Hematuria (blood in the urine) is a common occurrence in men. Common reasons include an enlarged prostate, urinary tract infections (including bladder infections), kidney infections (including kidney infections), bladder or kidney stones (including calculi), bladder or kidney injuries, and certain drugs.
Among older adults, including those with Alzheimer’s disease, the most common causes of blood in the urine are urinary tract infection (UTI), particularly if they can’t control their desire to pee (this is known as incontinence), need to pee more frequently, or have a fever or chills.
Men seldom have blood in their pee, but anyone who sees blood in their urine should consult with a doctor immediately. A urine test will assist in determining whether or not there is blood present. A physical exam may also be performed by a clinician to check for prostate enlargement or pain in the bladder or kidneys, among other things.
If you ever have blood come out of your urination, you should seek medical attention right away. The reason for this is because the majority of instances of extensive hematuria are associated with cancer or other conditions that require rapid medical attention.
An enlarged prostate as a result of benign prostatic hyperplasia (BPH) or prostate cancer might result in blood in the urine since both of these illnesses are accompanied by an enlarged prostate. The enlarged prostate can put pressure on the urethra, causing bladder irritation and discomfort.
Having blood in the urine, even if it occurs just once, may indicate the presence of a major health concern. Hematuria should not be ignored since it can lead to the aggravation of serious disorders such as cancer and renal disease. As a result, you should consult your doctor as soon as possible.
Medications. Urinary bleeding can be caused by the anti-cancer medication cyclophosphamide and the antibiotic penicillin. If you take an anticoagulant, such as aspirin or the blood thinner heparin, and you also have a disease that causes your bladder to bleed, you may see visible urine blood. Exercising at a high intensity.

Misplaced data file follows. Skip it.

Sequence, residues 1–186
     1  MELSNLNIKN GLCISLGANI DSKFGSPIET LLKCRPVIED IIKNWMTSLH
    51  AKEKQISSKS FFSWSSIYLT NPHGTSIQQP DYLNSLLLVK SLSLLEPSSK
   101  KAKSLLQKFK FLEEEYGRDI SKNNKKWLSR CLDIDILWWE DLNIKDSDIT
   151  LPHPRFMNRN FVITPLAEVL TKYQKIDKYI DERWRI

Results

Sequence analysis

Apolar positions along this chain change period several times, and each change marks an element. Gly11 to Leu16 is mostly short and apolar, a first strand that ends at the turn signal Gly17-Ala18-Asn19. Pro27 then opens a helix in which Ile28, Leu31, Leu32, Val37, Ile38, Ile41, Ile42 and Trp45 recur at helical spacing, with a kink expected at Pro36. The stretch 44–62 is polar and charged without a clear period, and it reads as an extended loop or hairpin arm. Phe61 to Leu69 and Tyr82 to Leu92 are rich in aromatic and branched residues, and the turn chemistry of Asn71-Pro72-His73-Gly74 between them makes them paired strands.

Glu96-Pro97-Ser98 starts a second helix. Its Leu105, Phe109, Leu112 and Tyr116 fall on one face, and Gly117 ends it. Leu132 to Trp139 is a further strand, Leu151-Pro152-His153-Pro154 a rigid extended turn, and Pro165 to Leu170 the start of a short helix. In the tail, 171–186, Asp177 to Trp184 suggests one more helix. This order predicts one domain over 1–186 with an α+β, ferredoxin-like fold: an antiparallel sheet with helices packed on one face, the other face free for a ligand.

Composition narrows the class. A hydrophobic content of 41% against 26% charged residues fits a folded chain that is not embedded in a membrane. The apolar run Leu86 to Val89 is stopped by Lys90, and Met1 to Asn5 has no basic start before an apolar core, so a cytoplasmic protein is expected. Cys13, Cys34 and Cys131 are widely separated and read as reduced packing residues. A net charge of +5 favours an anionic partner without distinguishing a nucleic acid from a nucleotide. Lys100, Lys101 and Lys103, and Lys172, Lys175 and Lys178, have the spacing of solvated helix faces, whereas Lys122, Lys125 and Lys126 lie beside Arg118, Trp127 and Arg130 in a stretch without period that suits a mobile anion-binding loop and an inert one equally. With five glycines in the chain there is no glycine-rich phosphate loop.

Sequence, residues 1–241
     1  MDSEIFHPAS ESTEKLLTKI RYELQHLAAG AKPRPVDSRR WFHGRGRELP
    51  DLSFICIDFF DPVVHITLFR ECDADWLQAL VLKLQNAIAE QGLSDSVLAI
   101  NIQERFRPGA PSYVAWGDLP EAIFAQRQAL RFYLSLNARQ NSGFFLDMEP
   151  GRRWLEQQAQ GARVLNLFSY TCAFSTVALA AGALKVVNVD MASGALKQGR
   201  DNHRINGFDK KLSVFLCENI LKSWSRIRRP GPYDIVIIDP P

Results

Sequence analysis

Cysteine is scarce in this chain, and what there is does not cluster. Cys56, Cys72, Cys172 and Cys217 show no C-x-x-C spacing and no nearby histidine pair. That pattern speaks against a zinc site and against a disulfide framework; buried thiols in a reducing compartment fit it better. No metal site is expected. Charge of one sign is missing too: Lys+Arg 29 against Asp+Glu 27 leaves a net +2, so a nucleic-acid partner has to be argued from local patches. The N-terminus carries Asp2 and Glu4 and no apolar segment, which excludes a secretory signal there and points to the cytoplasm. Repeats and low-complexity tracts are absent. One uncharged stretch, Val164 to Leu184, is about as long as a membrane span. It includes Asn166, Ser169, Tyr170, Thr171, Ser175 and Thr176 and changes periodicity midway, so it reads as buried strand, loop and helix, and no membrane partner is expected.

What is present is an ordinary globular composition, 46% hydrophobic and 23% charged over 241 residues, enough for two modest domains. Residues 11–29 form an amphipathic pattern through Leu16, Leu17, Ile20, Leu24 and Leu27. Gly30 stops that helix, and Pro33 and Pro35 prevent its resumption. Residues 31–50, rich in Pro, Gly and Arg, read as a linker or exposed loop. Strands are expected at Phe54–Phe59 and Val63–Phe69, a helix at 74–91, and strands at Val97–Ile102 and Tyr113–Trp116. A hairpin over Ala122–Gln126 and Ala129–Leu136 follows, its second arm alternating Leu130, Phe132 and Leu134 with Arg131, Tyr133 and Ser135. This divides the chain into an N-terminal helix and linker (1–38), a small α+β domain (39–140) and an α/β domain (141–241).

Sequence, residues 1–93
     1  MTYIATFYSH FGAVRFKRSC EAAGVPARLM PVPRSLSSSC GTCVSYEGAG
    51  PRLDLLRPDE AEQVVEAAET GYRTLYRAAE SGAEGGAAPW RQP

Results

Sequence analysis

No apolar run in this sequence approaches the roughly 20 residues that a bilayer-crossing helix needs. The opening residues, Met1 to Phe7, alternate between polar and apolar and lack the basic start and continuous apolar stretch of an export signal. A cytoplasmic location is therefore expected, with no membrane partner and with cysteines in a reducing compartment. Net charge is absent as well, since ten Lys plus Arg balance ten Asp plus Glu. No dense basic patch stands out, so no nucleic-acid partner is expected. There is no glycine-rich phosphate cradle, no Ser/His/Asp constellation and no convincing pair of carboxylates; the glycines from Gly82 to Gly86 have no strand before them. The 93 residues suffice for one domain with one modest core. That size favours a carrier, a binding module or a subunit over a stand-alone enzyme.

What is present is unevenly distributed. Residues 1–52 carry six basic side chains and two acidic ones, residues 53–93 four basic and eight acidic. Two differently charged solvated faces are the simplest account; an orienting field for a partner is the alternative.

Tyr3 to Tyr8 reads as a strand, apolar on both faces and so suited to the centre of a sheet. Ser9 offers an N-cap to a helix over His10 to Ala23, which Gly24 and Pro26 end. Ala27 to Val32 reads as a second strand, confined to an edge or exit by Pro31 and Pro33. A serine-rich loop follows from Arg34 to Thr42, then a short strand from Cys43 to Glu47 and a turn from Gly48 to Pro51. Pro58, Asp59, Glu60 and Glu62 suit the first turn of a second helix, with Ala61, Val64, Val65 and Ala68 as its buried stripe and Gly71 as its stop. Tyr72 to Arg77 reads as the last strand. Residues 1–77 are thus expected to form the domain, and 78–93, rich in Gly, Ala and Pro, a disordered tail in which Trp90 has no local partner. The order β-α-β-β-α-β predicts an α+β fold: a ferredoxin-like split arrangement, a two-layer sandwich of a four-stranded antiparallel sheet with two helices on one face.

Most of the time, an enlarged prostate will result in uncomfortable urinary symptoms, but it can also produce hematuria, and blood in urine may be the first indicator of an enlarged prostate. It is a fairly frequent ailment to have an enlarged prostate, which, if left untreated, can result in full inability to pee as well as bladder degeneration.
It is critical that you get medical attention as soon as possible if your symptoms have worsened to the point of lethargy, discomfort, fever, chills, nausea, vomiting, and/or blood in the urine. Get to the local Advance ER as soon as possible.
Is it possible for a lack of water to cause blood in the urine? Although not drinking enough water can cause your urine to become dark in color, mild dehydration does not usually result in hematuria in and of itself. Severe or repeated dehydration, on the other hand, can weaken and destroy your kidneys, resulting in blood in your urine.
Hematuria is commonly caused by an enlarged prostate. Stones in the kidneys. Exercise that is physically demanding, such as long-distance running. Certain medications, such as blood thinners, aspirin and other pain relievers, and antibiotics, are known to cause bleeding.
An external catheter is a device that is worn over the penis and is used to collect urine and store it in a collection bag. Both types of catheters have the potential to allow germs to enter and proliferate in the urethra, potentially resulting in a catheter-associated urinary tract infection (CAUTI). This may result in the presence of blood in the urine.
Hematuria is a medical term that refers to the presence of blood in your urine. The condition is caused by high blood pressure (HBP), commonly known as hypertension, in only a small percentage of cases. Most likely, if you’re passing blood in your urine, you’re experiencing an issue with your kidneys or urinary system.
A condition known as hematuria occurs when there is blood present in the urine. These symptoms can be brought on by a variety of different illnesses. The majority of the time, the underlying reason is not dangerous and will resolve itself within a short period of time.